Encryption: Not just against the bad guys anymore! (or, how Comcast contributes to global warming)

In Part 1, we explored evidence supporting the conclusion that Comcast’s well-known policy of blocking / interfering with p2p file transfers (notably BitTorrent protocol) extends to several other legitimate moderate- to high-bandwidth activities, including collaboration via Lotus Notes, remote desktop applications, FTP, and even sending emails with large attachments. A working temporary solution (again, while counting down the days until FIOS comes to your area) is to just encrypt the hell out of everything, every HTTP request, every email sent, every file uploaded, your freaking grocery list, to force Comcast’s braindead filter to leave it alone.

Now, this misbehavior is bad enough while I’m trying to pirate Linux distros, but when I have to disguise my goddamn EMAIL to get it through? Something is very wrong with this picture.

Now, what does that have to do with global warming, the global war on BitTerrorism (net neutrality), and the price of broadband in China? Simple: Until Net Neutrality is enforced by law, the Comcasts of the world (any similarly shitheaded companies) will increasingly turn to methods such as this (nuking “bad customers”) as a profitable band-aid fix for the problem of rampantly overselling their capacity. As is already happening, users and software will respond by increasingly turning to unnecessary encryption in an effort to keep malicious third parties (in this case the user’s own, paid ISP) from tampering with the stream. If it continues, web sites will switch to using SSL (https:// links) by default to ensure their “eyeballs” can reliably reach the site, and soon, encryption of every last little unimportant snippet of data will be de rigeur to limit packet discrimination.

SSL encryption is a mathematically cumbersome, CPU-hungry process. While an average home PC slurping down Internet packets at a rate limited by the connection speed will not be overly taxed by this, the server that has to perform this encryption for thousands of visitors at a time is working up a sweat. A CPU that’s doing heavy math is consuming more power and generating more heat than one that isn’t. Multiply this by the number of Internet users and encrypted-by-default sites, and you see that you are needlessly wasting a huge amount of power to triple-DES Grandma’s grocery lists, and throwing wads and wads of unnecessary heat into the air.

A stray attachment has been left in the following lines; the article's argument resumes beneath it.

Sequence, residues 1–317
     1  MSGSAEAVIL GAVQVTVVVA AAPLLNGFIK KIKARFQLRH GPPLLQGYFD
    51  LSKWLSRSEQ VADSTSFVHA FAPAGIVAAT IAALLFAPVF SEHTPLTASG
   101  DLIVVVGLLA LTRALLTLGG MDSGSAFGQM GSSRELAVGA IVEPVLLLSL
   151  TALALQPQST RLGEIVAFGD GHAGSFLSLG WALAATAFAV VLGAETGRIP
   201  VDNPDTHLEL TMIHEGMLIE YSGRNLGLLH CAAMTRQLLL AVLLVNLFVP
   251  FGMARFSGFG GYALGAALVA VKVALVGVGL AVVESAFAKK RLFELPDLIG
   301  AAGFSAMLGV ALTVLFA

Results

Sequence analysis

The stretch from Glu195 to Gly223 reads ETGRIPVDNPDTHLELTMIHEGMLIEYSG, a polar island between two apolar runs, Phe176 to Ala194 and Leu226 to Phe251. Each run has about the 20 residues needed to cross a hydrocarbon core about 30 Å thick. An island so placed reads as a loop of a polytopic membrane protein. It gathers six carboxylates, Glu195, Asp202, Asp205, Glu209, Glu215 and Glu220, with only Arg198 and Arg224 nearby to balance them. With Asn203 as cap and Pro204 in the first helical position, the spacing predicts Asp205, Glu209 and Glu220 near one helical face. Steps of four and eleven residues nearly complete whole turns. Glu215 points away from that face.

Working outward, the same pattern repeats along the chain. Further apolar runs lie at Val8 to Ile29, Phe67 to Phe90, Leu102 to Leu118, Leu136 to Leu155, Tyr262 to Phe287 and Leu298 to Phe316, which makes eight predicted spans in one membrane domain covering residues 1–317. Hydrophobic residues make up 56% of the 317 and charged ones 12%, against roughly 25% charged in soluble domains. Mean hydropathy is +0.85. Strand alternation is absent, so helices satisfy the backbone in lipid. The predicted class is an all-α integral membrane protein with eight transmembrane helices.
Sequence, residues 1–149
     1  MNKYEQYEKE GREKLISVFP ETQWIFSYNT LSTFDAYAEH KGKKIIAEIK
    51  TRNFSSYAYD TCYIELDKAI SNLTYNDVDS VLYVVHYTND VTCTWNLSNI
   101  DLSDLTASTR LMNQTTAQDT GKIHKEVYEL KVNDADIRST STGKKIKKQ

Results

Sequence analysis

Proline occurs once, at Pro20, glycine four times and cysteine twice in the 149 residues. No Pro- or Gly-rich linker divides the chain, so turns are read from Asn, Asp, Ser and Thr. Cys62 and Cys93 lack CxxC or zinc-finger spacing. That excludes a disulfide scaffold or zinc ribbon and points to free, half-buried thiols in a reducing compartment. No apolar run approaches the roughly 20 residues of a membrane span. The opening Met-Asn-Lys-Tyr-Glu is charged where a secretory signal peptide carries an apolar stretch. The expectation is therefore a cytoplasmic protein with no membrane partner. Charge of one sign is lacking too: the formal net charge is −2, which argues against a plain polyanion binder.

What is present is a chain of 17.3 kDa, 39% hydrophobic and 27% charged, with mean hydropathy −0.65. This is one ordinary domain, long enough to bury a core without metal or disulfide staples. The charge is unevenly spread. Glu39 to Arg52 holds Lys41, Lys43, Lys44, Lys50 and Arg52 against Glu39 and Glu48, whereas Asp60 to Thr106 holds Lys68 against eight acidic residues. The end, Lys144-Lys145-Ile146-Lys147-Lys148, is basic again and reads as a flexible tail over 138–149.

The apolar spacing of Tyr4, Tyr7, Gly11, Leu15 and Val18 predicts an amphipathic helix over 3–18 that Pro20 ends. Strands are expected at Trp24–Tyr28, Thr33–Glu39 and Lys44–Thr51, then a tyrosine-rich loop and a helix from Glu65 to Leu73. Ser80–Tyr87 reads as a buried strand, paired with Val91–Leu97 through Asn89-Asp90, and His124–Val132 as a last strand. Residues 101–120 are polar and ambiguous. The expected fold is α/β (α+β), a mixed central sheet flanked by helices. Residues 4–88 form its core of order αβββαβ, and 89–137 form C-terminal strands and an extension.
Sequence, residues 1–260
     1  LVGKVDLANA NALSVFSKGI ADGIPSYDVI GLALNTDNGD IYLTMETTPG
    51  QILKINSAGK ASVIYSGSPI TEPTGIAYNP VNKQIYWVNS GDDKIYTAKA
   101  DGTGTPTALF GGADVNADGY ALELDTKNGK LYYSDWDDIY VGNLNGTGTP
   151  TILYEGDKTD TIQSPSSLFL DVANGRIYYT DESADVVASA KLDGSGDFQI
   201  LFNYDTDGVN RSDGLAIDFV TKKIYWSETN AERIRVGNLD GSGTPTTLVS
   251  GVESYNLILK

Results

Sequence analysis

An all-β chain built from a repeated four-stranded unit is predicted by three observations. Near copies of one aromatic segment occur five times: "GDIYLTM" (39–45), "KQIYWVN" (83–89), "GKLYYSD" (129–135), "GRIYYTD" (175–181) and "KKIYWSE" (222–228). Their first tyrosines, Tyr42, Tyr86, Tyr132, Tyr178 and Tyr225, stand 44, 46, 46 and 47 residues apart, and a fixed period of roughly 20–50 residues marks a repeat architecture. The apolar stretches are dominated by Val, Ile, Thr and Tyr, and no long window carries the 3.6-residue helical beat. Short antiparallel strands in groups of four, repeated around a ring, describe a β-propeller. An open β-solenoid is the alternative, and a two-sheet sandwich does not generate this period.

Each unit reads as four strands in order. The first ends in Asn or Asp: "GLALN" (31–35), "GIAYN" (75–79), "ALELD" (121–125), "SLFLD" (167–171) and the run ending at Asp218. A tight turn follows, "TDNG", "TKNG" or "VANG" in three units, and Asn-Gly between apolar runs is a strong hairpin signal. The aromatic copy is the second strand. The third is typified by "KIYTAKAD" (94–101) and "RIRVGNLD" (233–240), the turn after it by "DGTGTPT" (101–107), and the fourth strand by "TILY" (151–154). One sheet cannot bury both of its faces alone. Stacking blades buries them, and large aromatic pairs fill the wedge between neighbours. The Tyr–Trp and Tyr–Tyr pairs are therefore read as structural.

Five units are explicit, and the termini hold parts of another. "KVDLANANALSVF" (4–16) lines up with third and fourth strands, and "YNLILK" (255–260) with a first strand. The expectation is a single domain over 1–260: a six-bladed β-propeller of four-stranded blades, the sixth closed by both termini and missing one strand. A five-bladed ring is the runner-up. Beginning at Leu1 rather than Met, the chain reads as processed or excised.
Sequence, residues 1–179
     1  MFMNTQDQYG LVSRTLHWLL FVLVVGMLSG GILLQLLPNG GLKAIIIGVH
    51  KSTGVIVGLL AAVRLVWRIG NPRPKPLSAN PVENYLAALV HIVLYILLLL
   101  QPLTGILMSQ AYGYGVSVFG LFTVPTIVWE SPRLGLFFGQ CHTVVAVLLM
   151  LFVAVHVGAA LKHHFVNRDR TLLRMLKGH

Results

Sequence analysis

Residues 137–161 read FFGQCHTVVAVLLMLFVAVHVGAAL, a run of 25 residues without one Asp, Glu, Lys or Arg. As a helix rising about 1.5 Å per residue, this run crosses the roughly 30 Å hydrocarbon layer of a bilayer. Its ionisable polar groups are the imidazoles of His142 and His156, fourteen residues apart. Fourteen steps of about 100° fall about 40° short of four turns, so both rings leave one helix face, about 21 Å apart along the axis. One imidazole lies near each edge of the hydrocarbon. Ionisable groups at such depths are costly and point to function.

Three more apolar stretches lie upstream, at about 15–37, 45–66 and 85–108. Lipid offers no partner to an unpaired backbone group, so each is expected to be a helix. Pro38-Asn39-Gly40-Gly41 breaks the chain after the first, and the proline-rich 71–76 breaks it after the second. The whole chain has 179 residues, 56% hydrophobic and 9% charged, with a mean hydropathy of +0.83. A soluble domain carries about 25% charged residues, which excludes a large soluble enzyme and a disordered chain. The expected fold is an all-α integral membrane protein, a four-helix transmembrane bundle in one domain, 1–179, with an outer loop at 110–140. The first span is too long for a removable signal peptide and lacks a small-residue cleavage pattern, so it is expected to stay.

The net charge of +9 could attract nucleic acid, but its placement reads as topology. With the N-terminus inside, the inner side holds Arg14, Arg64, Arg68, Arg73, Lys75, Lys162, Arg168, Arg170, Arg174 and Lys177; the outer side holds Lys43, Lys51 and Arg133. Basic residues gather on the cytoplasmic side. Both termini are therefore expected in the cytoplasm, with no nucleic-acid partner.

Encryption also counts on generating a stream that looks like random noise. If you can suss out a pattern in an encrypted stream, chances are you can crack it. Consequently, cryptographic engines take great pains to ensure that the streams they generate do not contain repeating patterns. Compression, meanwhile, depends on identifying repeating, redundant data and optimizing it out. Consequently, encrypted streams are ideally uncompressible, which means all the current “mid-pipe”, bandwidth-saving tricks such as transparently compressing traffic between routers, also go out the window. Bandwidth consumption skyrockets and pipes saturate like never before. (Nevermind that under the current scheme, Comcast is already doing this to itself to some degree – see previous post for how my 1-hour FTP upload becomes an all-day FTP upload, continuously restarting the interrupted transfers from the beginning and saturating my upstream for the whole damn day.)

One Response to “Encryption: Not just against the bad guys anymore! (or, how Comcast contributes to global warming)”

  1. Steve Witham says:

    It sounds like you’re saying the cypherpunks’ dream will come true. If everyone encrypts, people who encrypt don’t stand out anymore. Also, internet wiretapping becomes harder. There is still the problem of visible packet addresses, but if Comcast et al. start discriminating by address, everyone will be forced to use onion routers (& talk about unnecessary cycles there!) too.

    This is my favorite answer to Fermi’s paradox: the reason we don’t see signs of alien civilizations is that the members of an advanced civ all end up encrypting just to protect themselves from other members of the same civ. (& I never thought of it before, but from their own antivirus software too.)

    “Sufficiently advanced communication is indistinguishable from noise.”

    I don’t see the processing cost of crypto as necessarily so great. If you amortize it over the users, it’s like having one more computer. A very tiny portion of our energy use. If demand goes up as you say, there will be more efficient specialized chips. This is one thing that definitely can be done in parallel. Also, crypto is a reversible process, which holds some theoretical efficiency hope.

    As for compression, it is better for both encryption and bandwidth if you do the compression before the encryption. Doing the compression at the endpoints is even easier on bandwidth than in “mid-pipe”. Makes more sense overall.

    Large piles of internet technology are designed as if no one would ever be tempted to do the wrong thing. That’s dumb. Comcast (if they’re doing what you think) isn’t spoiling things so much as bursting an illusion. There always have been & always were going to be people misbehaving. The internet answer was, “Oh please don’t!” & now with proposed “net neutrality” legislation: “Thou Shalt Not spoil the illusion.” Man I would rather have crypto than a law.

    Oh & hai i commented yr poast.

    –Steve

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